These days, it seems that the media is plagued with images and mottos telling young boys and young girls who they should be. Female actresses and presenters, for instance, are always being analysed by their fashion sense, rather than their talent. Young male actors and presenters, on the other hand, are analysed by their level of sport activity rather than their talent.
And what about the sale of children’s toys? Toys created for girls seem to always involve caring practises for dolls or Barbies. In girls’ toy advertisements, small girls are either slapping on gaudy makeup, styling their Barbie’s hair, rocking their plastic doll, or writing in a ‘secret diary’ about their crush. In boys’ toy advertisements, however, small boys seem to be constantly hyperactive and mischievous, flashing our television screens with footage of them gallivanting around the place, squirting their older girly sisters with waterguns, pretending to fight with plastic army equiptment, operating electronic toy cars, or producing some sort of gungy slime from a Science set and again, using it to fool their girly and precious sisters.
When young boys play with Barbies and dolls, it is presumed they are ‘camp’ and ‘girly’. Often, their parents assume they will be gay when they’re older. When young girls play with action men and army figures, they’re labelled ‘tomboys’, it is presumed that their group of friends will be boys and they will never flaunt their appearance, instead they will choose to hide away in baggy boys’ clothes.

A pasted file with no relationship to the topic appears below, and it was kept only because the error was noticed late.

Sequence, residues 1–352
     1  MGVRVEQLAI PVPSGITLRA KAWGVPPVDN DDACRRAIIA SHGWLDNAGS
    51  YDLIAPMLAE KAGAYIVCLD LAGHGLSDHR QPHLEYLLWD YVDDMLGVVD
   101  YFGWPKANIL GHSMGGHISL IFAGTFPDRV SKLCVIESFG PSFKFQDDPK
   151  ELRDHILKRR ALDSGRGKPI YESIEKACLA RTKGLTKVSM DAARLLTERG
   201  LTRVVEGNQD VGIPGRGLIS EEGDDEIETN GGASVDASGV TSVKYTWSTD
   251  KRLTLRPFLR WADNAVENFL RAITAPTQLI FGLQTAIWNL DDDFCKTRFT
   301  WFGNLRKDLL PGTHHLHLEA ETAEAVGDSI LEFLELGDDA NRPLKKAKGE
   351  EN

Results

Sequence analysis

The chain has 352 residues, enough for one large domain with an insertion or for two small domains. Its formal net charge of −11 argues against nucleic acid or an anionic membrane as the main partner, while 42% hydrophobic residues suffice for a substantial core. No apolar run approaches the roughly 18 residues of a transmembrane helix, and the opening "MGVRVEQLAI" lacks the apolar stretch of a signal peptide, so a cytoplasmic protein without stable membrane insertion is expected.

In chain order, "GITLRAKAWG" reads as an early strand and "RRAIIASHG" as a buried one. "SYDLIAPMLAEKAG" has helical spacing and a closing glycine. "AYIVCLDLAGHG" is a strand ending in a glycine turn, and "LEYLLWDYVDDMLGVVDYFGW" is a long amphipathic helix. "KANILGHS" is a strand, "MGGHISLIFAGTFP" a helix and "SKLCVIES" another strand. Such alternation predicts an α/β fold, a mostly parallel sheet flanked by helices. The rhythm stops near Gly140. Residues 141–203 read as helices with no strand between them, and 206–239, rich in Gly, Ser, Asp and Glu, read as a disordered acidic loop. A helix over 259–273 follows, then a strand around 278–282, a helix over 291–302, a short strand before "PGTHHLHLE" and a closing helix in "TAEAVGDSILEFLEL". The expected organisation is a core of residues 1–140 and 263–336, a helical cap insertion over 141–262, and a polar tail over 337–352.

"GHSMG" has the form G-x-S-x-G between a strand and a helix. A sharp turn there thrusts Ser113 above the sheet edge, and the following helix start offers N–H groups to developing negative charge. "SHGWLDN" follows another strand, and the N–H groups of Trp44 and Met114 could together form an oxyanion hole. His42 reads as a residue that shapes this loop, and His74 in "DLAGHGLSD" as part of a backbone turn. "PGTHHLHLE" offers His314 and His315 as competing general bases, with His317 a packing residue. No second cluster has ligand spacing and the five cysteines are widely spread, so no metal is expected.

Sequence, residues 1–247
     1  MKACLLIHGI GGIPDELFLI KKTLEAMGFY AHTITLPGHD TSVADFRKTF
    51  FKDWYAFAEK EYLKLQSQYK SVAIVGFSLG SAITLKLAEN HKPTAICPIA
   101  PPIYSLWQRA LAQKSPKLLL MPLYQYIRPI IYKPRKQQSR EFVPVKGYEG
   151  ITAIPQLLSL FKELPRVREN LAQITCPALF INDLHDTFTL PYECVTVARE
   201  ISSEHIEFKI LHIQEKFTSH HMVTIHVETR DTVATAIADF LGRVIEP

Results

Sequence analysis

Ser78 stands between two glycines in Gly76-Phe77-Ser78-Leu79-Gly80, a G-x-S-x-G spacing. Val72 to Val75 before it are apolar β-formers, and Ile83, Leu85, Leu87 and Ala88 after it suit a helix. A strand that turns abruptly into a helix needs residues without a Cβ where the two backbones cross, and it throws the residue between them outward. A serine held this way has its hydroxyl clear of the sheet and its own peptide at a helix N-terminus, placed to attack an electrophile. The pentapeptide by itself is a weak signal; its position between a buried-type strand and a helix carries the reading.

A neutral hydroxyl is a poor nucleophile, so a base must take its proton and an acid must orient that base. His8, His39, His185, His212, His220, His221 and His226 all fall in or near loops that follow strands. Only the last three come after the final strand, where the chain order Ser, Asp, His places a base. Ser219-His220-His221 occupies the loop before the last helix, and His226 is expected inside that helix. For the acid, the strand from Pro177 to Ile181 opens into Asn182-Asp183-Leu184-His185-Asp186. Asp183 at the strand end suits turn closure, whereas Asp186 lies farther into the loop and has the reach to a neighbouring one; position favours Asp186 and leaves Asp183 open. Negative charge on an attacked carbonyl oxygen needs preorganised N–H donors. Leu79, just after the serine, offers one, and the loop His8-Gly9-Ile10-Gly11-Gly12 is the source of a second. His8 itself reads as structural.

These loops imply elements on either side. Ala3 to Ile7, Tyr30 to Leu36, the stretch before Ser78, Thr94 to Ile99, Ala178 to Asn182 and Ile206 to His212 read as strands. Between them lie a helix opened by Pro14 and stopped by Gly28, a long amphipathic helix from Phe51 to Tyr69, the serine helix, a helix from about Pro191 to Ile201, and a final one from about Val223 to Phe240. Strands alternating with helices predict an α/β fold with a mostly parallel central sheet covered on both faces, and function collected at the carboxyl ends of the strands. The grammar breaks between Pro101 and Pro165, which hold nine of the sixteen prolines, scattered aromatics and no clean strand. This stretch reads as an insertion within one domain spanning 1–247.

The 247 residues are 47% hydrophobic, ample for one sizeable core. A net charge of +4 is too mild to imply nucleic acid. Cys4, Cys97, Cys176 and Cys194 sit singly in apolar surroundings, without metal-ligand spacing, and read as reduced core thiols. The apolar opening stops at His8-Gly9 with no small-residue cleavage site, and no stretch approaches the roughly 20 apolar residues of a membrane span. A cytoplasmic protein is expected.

And, shall I delve into the matter of ‘grown up’ people? We are led to believe through society that women should be younger than their male partner, or perhaps the same age. There is even a way for men to decide what aged woman they should approach, if they divide their own age by 2, and add on 7 to it. This would mean, for instance, that a 25 year old man should be seeking a 19 year old woman, while a 30 year old man should be seeking a 22 year old woman, and a 19 year old man should be seeking a 16 year old woman. But, where did this small ‘tip’ for men come from? Supposing women thought of it first, and it was always programmed into it us to believe that women should, by rights, be older than their male partner? However, this is not the case. A woman who is older than her male partner is instead considered a ‘cougar’ by friends and family. While, on the other hand, a man who is older than his female partner is considered a ‘charmer’ by many.
What about society’s stereotyping on homosexual men? It is presumed that they will be interested in fashion, hair, makeup, etc. It is assumed by many that their main friends will be female, that they like to go out and have fun, that they’re ‘party animals’, that they should always be well presented, that they have a high-pitched voice and female mannerisms (ie. hands on hips, tucking hair behind ear, etc), and that they will say ‘like’ a lot in their dialogue, and speak in a slighty ditsy fashion. But, where did this fixed view on gay men come from? Why is it presumed that just because a man is sexually attracted to people of the same sex that he should behave like a woman? If we were to inspect the physchology behind this issue further, we would probably come to the conclusion that many people simply do not understand homosexuality, and therefore presume that gay men are, in a sense, like women in disguise. Why else would they be attracted to men?